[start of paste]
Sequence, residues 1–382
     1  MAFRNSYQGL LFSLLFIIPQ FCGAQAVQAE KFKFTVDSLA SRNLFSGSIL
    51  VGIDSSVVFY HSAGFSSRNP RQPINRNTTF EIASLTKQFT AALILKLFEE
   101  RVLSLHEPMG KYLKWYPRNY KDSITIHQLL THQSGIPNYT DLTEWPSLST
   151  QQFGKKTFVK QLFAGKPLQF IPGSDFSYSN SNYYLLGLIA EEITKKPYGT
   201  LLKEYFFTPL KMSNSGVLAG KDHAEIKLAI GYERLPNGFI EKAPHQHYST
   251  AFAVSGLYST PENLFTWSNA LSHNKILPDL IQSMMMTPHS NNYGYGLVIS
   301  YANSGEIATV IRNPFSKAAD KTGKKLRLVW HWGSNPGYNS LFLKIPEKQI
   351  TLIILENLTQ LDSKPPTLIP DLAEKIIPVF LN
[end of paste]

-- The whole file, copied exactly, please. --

Sequence, residues 1–382
     1  MAFRNSYQGL LFSLLFIIPQ FCGAQAVQAE KFKFTVDSLA SRNLFSGSIL
    51  VGIDSSVVFY HSAGFSSRNP RQPINRNTTF EIASLTKQFT AALILKLFEE
   101  RVLSLHEPMG KYLKWYPRNY KDSITIHQLL THQSGIPNYT DLTEWPSLST
   151  QQFGKKTFVK QLFAGKPLQF IPGSDFSYSN SNYYLLGLIA EEITKKPYGT
   201  LLKEYFFTPL KMSNSGVLAG KDHAEIKLAI GYERLPNGFI EKAPHQHYST
   251  AFAVSGLYST PENLFTWSNA LSHNKILPDL IQSMMMTPHS NNYGYGLVIS
   301  YANSGEIATV IRNPFSKAAD KTGKKLRLVW HWGSNPGYNS LFLKIPEKQI
   351  TLIILENLTQ LDSKPPTLIP DLAEKIIPVF LN